This is a follow-up to
Resolving Kubernetes Services from Host when using kind.
In the previous post we modified the host’s DNS configuration (
/etc/resolv.conf) and the host’s
IP routes to communicate to the kind cluster from our host.
There are scenarios where modifying the host environment isn’t ideal,
such as running integration tests on a local development laptop. Also, this method isn’t limited
Fortunately, we can run a Docker container configured to communicate with the kubernetes services running in a kind cluster with a few steps.
By the end of this post we’ll run a Docker container that can make requests to
To get caught up with where the previous post left off, run the following commands:
This will create a kubernetes cluster using kind (v0.8.1) running a hello pod and service.
First let’s spin up a Docker container by running:
This will create a container named
docker-kind-demo using the
curlimages/curl:7.71.0 image. A
few notable arguments:
--cap-add NET_ADMIN- enables modifying the IP routes within the running container (which we’ll do soon)
--dns 10.96.0.10- adds
10.96.0.10(IP Address of
kube-dnsservice in the cluster) to the container’s
--dns-search cluster.local- enables querying requests such as
--net kind- connects this container to the same Docker network as the kind cluster’s Docker container
cat, so that the container doesn’t immediately terminate.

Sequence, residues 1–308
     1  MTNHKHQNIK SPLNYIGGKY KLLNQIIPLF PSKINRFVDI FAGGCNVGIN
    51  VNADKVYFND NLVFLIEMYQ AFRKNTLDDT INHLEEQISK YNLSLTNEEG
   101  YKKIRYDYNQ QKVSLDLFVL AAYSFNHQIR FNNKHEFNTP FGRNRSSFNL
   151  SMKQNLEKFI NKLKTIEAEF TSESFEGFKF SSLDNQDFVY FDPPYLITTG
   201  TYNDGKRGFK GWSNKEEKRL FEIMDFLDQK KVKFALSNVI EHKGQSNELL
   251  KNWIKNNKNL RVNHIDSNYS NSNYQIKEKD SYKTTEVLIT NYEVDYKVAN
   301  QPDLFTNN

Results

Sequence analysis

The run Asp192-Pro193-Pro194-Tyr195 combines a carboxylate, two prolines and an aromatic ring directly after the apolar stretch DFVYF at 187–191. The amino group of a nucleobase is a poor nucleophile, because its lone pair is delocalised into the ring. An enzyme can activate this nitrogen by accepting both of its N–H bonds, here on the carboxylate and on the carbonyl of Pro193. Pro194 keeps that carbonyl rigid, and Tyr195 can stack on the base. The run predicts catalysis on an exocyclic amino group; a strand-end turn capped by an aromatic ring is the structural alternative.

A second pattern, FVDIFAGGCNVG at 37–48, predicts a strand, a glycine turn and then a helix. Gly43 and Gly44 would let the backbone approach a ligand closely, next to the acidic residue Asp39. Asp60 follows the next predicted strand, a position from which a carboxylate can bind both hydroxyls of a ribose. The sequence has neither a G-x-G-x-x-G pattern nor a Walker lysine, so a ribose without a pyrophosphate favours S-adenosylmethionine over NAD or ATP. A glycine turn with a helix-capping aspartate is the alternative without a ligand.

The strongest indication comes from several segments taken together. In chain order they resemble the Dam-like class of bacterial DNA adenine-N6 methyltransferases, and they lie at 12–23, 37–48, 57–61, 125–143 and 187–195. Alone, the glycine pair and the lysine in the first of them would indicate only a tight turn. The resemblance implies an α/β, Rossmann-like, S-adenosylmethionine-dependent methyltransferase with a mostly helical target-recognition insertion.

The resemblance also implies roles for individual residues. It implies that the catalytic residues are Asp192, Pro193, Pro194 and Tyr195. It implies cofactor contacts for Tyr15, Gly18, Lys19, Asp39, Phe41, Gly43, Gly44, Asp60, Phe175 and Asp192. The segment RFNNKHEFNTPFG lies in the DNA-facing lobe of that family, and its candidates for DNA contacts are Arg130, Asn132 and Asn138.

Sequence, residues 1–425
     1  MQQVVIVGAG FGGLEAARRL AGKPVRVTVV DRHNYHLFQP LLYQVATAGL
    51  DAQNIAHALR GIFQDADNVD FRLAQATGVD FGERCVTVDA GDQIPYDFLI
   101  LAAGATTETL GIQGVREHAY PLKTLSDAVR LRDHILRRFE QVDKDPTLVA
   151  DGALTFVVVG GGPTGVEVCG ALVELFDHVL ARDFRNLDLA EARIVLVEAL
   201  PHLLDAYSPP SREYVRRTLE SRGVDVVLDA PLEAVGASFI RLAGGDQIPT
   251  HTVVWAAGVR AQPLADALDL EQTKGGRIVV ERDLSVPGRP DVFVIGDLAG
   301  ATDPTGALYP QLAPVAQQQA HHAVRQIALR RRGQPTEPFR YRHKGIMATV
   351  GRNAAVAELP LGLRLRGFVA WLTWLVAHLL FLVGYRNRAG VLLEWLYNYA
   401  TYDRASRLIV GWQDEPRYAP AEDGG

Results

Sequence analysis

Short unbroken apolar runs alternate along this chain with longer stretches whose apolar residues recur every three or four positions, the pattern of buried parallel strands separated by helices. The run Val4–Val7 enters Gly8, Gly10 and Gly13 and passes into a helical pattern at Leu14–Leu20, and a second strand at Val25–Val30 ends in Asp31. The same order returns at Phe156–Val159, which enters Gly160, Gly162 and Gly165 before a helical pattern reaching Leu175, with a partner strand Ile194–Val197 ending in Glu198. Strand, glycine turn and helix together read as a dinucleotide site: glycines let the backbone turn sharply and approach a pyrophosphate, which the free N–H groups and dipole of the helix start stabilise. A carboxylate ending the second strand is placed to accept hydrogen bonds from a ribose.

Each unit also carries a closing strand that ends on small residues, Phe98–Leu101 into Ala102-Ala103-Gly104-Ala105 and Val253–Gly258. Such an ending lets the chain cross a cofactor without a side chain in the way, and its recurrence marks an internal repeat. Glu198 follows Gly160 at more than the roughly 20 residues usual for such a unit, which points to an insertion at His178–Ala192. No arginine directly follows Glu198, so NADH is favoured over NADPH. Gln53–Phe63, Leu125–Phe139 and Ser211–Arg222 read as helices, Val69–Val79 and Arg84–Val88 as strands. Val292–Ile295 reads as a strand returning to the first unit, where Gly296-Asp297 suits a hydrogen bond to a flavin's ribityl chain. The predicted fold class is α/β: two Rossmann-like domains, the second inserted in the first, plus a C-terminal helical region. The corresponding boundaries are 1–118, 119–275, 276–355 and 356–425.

We’ll need to instruct our Docker container to direct traffic to our kind cluster. Let’s get the IP Address of the Docker container running the kind cluster by running:
For me the output is
172.18.0.2, but yours may be different. Please note what the output is
and use that instead of
172.18.0.2 in the next command:
This will instruct our container to direct traffic destined for a kubernetes service (
to be directed through
ip route addcommand requires running as root, so we set
--user 0on this command only. We could have created the container with the root user, but then all commands by default in the container would have been ran as root.
Finally we can successfully run:
Now we have a Docker container capable of communicating with Kubernetes services in a kind cluster without messing with the host.
We’ve created a Kubernetes cluster via kind running a hello service. We then ran a Docker container configured to successfully communicate with services running in the kind cluster.
I’m a huge fan of using kind for development. Do you have any recommended tools for Kubernetes development? Feel free to reach out on Twitter.